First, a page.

Why we shouldn’t believe the Institute of Public Affairs

Mar 25, 2024
A man with a travel bag on his way to Australia.

Net permanent and long-term (NP&L-T) movements data published by the Australian Bureau of Statistics (ABS) was recently used by the far right Institute of Public Affairs (IPA) in a highly politicised analysis of the January 2024 data on NP&L-T movements. This ‘analysis’ was naturally picked up by the Murdoch press via the Daily Telegraph with very little scrutiny.

Using the NP&L-T movements data, the IPA extrapolates that net migration ‘this year’ could be 660,000. If ‘this year’ refers to 2023-24, the IPA makes no mention of the Government actual forecast of net migration of 375,000, the role of Coalition Government policies that contributed to the net migration blow out in 2022-23 or the fact that changing these policies and seeing the effects of these changes takes time. The IPA analysis makes no mention of the policy tightening implemented since July 2023 or other policy tightening that has been announced and will be implemented over the next few months.

It was a standard IPA hit job.

My analysis of the January 2024 net permanent and long-term data is here. The reality is that fault for the blow out in net migration lies with both the Coalition and Labor Governments. That is because immigration policy changes take considerable time to take effect.

Why is the relationship between NP&L-T movements and net migration important?

The relationship between NP&L-T data and net migration data sounds arcane but it could be crucial to the immigration debate leading up to the next election.

Net migration counts people who have been out of Australia long-term, arrive and then stay for at least 12 months out of 16 months less those who have been in Australia long-term and depart for at least 12 months out of 16 months. It is the way the ABS counts the contribution of immigration, irrespective of visa category or citizenship (long-term movement of Australian citizens is included), to the size of the population.

The ABS publishes NP&L-T movement data with only a one-month lag. It is the best early approximation of net migration that we have. The ABS publishes net migration data with an initial lag of about 6 months and then revises this data as more information is secured on the actual length of stay of new arrivals and departures. Often we will not know the final estimate of net migration some 12+ months after the relevant period.

Image: Supplied

Because of this, we will have lots more information on recent NP&LT movements ahead of the next election than on net migration.

Chart 1 tracks the two data sets since the September quarter of 2016.

Three points to note from Chart 1.

First, prior to the pandemic, NP&LT movements were consistently higher than net migration on an annual basis.

Second, on a quarterly basis, NP&L-T movements were significantly higher than net migration in the high movement September and March quarters (driven mainly by students) while the reverse was the case in the June and December quarters but by a smaller magnitude.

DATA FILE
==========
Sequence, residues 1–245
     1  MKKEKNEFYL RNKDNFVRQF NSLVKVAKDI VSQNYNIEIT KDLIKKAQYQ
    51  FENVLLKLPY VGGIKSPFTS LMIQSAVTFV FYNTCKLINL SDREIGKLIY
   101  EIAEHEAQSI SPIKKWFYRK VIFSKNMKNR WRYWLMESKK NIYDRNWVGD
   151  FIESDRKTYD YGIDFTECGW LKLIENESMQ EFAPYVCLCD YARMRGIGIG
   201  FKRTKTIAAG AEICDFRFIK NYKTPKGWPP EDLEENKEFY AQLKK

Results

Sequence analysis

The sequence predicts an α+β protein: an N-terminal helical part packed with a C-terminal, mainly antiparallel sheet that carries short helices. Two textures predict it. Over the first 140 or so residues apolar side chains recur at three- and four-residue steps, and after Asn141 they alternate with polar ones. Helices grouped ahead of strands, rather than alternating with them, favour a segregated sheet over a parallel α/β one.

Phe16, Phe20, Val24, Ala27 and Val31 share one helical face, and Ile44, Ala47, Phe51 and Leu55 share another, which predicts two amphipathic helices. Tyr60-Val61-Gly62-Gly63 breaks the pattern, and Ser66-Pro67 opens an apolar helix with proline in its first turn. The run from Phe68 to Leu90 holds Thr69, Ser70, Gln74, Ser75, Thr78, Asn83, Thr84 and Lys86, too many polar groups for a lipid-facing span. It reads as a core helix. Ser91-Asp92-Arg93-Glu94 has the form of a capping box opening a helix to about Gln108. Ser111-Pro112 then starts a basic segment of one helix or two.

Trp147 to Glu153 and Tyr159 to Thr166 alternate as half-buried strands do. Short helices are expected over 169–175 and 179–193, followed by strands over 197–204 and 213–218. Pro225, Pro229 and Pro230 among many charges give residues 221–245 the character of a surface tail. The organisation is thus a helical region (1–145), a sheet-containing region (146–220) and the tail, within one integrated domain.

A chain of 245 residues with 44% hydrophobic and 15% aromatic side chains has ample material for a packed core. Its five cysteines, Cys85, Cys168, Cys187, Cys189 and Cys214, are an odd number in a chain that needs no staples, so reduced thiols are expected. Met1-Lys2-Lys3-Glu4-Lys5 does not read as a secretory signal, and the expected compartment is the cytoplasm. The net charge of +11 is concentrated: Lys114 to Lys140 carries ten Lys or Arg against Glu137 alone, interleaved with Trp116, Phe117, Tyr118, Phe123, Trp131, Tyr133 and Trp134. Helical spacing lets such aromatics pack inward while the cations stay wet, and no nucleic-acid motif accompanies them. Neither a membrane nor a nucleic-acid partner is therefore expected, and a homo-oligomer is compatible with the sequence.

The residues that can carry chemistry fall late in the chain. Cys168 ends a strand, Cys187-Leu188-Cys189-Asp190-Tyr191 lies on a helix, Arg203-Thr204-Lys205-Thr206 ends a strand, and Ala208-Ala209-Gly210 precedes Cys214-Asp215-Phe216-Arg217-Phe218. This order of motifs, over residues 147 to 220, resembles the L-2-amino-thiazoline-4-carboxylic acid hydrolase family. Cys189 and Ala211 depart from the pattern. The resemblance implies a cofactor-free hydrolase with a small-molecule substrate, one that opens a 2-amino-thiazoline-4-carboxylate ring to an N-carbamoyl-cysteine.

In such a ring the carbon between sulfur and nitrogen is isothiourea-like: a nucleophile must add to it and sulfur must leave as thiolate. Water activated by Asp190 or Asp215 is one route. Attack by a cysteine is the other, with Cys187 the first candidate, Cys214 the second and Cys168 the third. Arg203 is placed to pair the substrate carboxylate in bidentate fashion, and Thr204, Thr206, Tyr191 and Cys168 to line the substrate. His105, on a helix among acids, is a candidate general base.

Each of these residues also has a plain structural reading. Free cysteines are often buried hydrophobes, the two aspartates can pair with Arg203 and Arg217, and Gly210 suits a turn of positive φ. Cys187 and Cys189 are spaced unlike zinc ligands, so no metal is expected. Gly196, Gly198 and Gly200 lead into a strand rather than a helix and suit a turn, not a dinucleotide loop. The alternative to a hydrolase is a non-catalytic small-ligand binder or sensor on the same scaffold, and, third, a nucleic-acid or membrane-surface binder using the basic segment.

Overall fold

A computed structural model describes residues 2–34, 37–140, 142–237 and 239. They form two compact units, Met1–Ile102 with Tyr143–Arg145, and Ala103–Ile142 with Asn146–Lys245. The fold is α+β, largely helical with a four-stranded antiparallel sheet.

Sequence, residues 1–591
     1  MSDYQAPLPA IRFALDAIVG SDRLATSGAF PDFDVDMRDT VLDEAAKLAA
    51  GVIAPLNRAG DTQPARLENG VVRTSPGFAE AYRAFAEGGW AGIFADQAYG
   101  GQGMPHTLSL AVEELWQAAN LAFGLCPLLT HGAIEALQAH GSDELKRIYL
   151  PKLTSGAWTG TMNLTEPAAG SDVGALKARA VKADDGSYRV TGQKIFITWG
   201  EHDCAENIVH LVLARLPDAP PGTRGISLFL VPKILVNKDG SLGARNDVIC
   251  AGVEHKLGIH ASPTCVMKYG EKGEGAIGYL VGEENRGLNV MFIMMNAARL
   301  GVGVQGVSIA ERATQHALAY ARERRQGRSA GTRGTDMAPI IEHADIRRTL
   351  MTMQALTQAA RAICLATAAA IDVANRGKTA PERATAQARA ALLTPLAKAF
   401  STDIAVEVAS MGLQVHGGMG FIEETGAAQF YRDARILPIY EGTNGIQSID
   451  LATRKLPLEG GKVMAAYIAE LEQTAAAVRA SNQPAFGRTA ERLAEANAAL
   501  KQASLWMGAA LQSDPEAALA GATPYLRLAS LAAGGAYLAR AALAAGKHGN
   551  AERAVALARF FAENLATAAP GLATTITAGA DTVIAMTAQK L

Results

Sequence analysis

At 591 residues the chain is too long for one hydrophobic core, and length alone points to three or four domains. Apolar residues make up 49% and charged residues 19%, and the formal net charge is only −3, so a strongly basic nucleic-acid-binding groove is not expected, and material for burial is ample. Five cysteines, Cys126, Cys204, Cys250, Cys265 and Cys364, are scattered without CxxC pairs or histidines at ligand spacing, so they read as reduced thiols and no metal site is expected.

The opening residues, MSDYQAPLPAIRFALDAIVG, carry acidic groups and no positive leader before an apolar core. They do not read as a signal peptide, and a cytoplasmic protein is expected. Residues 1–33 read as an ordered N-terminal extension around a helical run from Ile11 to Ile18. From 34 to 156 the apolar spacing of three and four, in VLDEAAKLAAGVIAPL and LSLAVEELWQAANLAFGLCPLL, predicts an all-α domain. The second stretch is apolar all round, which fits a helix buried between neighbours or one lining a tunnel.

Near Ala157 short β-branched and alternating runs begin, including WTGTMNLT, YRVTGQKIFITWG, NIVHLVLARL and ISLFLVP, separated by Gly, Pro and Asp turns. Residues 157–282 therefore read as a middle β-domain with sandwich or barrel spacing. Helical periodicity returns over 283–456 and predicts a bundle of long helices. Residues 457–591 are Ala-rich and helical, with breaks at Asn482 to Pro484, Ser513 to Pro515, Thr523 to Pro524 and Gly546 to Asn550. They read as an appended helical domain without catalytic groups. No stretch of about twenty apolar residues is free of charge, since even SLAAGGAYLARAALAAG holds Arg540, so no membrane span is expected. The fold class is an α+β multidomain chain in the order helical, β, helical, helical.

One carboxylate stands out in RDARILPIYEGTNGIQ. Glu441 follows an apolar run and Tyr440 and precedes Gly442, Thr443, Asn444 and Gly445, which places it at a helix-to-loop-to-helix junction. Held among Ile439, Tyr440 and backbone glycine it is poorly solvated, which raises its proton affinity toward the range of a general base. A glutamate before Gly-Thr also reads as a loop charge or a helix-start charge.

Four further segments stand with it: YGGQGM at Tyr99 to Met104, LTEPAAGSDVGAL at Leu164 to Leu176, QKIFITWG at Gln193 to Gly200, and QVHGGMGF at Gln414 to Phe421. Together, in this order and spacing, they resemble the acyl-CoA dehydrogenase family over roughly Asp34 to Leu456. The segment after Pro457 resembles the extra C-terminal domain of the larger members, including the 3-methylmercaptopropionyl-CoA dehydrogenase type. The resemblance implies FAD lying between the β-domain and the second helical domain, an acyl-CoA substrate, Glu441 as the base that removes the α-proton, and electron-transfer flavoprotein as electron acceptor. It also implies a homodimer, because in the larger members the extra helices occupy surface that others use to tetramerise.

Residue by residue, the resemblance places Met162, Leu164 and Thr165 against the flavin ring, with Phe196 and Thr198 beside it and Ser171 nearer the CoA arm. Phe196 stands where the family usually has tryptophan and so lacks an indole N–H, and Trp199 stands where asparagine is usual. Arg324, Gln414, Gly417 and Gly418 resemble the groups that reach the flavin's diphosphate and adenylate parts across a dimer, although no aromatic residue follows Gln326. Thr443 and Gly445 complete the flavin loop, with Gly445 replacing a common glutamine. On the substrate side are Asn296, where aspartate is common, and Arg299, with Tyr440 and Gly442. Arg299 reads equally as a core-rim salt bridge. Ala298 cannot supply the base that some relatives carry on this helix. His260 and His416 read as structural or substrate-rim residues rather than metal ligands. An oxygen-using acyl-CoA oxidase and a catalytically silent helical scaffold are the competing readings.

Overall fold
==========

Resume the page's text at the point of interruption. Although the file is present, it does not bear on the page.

Third, for a year or so after the pandemic and re-opening of international borders, net migration was significantly higher than NP&L-T movements. This is likely to have been due to:

  • An extraordinarily strong labour market in 2022 and 2023 meant more people were attracted to Australia and fewer people departed;
  • A smaller temporary entrant cohort reduced departures; and
  • Policies put in place by the Coalition and retained by Labor for too long further reduced departures of people who the ABS had initially assumed would depart (eg the covid visa and unlimited work rights for students).

NP&L-T movements in the seven months to end January 2024 was 258,090 and for the 12 months to January 2024 was 481,620. The IPA says that on this basis, net migration “could reach 660,000 this year”. It is not clear whether the IPA is referring to the 2023 calendar year or the 2023-24 fiscal year.

Net migration for 2023 to end September 2023 was 427,500. To get to 660,000 for 2023, net migration in the December quarter of 2023 would have to be 232,500. That would be over 70,000 more than the highest net migration for any quarter in our history. Given December is generally a low quarter for net migration, the IPA is dreaming if it thinks net migration in 2023 would reach 660,000.

If the IPA is referring to fiscal year 2023-24, that would exclude the record net migration March quarter of 2023. While it is highly unlikely the Government can reduce net migration in 2023-24 to its forecast of 375,000, the idea that net migration in 2023-24 will be 660,000 is just IPA scaremongering.

There are three very good reasons why it makes no sense to use NP&LT data alone to extrapolate what net migration may be in 2023-24:

  • The relationship between NP&L-T movements and net migration appears to be gradually returning to normal. If that is the case, NP&L-T movements in the March quarter of 2024 will be around the same or higher than net migration. It will not be greater than the record March quarter of 2023.
  • Straight extrapolation takes no account of the general policy tightening that has been taking place since July 2023.
  • Specific policy changes that will mean NP&L-T movements in the March quarter of 2024 will be lower than net migration include the higher refusal rate for onshore student visa applications, increase in offshore visitor refusal rates and increased use of the ‘no further stay’ condition with visitor visas.

Taking these factors into account, it is likely net migration in 2023-24 may be between 400,000 and 500,000, not 660,000.

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